Athanasius quotes another passage from Wisdom as constituting the teachings of Christ, the Word of God. He undoubtedly uses it to confirm doctrine.  In another argument against Arians, he calls both the Protocanonical Proverbs and the Deuterocanonical Wisdom “holy Scripture” . . .  . . .Athanasius also quotes the book of Sirach without distinction or qualification, in the midst of several other scriptural quotations.  . . . Athanasius calls the Book of Judith Scripture.  Tobit is cited right along with several Protocanonical quotations  , and even introduced with the solemn formula “it is written.” 
 Four Discourses Against the Arians, Discourse 1.12.
 Against the Heathen, 11.1. Emphasis added.
 Against the Heathen, 1, 17.3.
 On the Incarnate Word, 4.6; 5.2.
 Defense Against Arius, 1, 3.
 Life of Anthony, 28 and Apology Against the Arians, 66.
 Four Discourses Against the Arians, Discourse 2.35 . . .
 Defense of Constantius, 17. Tobit is cited after Matthew and Isaiah.
 Defense Against Arius, Part 1, 11.
The great Protestant Bible scholar F. F. Bruce confirms Michuta’s analysis:
As Athanasius includes Baruch and the ‘Letter of Jeremiah’ in one book with Jeremiah and Lamentations [in his list of the OT canon], so he probably includes the Greek additions to Daniel in the canonical book of that name, and the additions to Esther in the book of that name which he recommends for reading in church [but doesn’t list as a canonical book] . . .
In practice Athanasius appears to have paid little attention to the formal distinction between those books which he listed in the canon and those which were suitable for instruction of new Christians. He was familiar with the text of all, and quoted from them freely, often with the same introductory formula — ‘as it is written’, ‘as the scripture says’, etc. (The Canon of Scripture, Downers Grove, Illinois: InterVarsity Press, 1988, 79-80; my bracketed comments, based on the larger context of Bruce’s analysis)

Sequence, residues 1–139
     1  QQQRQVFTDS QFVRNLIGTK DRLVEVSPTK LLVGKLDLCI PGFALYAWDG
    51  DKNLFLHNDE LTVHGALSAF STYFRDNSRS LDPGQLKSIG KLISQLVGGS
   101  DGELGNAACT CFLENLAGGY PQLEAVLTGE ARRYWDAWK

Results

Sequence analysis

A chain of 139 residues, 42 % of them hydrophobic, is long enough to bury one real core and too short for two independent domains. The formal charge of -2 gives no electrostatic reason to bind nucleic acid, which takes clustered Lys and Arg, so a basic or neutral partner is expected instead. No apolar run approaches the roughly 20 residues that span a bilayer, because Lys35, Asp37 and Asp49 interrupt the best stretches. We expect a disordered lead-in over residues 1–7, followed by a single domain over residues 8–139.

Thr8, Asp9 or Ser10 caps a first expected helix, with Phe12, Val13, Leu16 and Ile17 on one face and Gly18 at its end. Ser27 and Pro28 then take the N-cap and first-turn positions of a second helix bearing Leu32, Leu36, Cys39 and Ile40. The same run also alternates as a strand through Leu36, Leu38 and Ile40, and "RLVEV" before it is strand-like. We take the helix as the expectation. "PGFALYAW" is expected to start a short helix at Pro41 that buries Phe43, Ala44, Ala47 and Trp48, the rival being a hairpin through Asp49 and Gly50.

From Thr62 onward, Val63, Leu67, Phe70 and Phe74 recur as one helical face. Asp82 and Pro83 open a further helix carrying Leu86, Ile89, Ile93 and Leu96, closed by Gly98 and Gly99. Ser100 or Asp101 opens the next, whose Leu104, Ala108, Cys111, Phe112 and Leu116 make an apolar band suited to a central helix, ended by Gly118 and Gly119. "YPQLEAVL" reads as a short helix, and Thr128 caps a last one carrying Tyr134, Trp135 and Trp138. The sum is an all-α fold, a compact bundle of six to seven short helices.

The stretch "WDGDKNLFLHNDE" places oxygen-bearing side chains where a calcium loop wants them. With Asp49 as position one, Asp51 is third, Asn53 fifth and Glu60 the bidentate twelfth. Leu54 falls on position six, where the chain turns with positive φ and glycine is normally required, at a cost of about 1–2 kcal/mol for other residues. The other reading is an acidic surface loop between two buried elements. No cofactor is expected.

Collins mentions other Church fathers who “shared” Jerome’s “judgment regarding the Apocrypha.” He simply lists their names. I will actually document what they believed. Catholic apologist “Matt1618” produced a magnificent treatise, “Did Some Church Fathers Reject the Deuterocanonicals as Scripture?” I will be drawing heavily from it in the rest of this article. He states about Origen (182-254):
[H]e does put Baruch and the two Maccabees books in the canon. . . . he speaks approvingly of the Septuagint, which contains all the Deuterocanonical books. . . . Origen defends the use of the passage in Daniel 3 that Catholics have, the Song of the 3 children, Susanna, and Bel and the Dragon, as found in Daniel 13 and 14 of the Catholic Bible. He says that Bel and the Dragon and Susanna, Daniel 13 and 14 and only found in the Catholic Bible, is found in every single Church of Christ. Origen himself acknowledges that all Churches use these books. And in which way? He notes that he refers to them as Scripture. His opponent said it was a forgery. He corrects his opponent. It is not a forgery, but he notes his own use of them as Scripture. [To Africanus, 5]
Origen protests the fact that that these portions of Daniel now found only in Catholic Bibles, were “removed fro the Scriptures.” [To Africanus, 9] Here are more relevant passages from Origen:
But he ought to know that those who wish to live according to the teaching of Sacred Scripture understand the saying, ‘The knowledge of the unwise is as talk without sense,’ [Sirach 21:18] and have learnt “to be ready always to give an answer to everyone that asketh us a reason for the hope that is in us.” [1 Pt 3:15] [Against Celsus, 7:12]
[A]s is written in the book of Tobit: ‘It is good to keep close the secret of a king, but honourable to reveal the works of God,’ [Tobit 12:7]–in a way consistent with truth and God’s glory, and so as to be to the advantage of the multitude.” [Against Celsus, 5:19]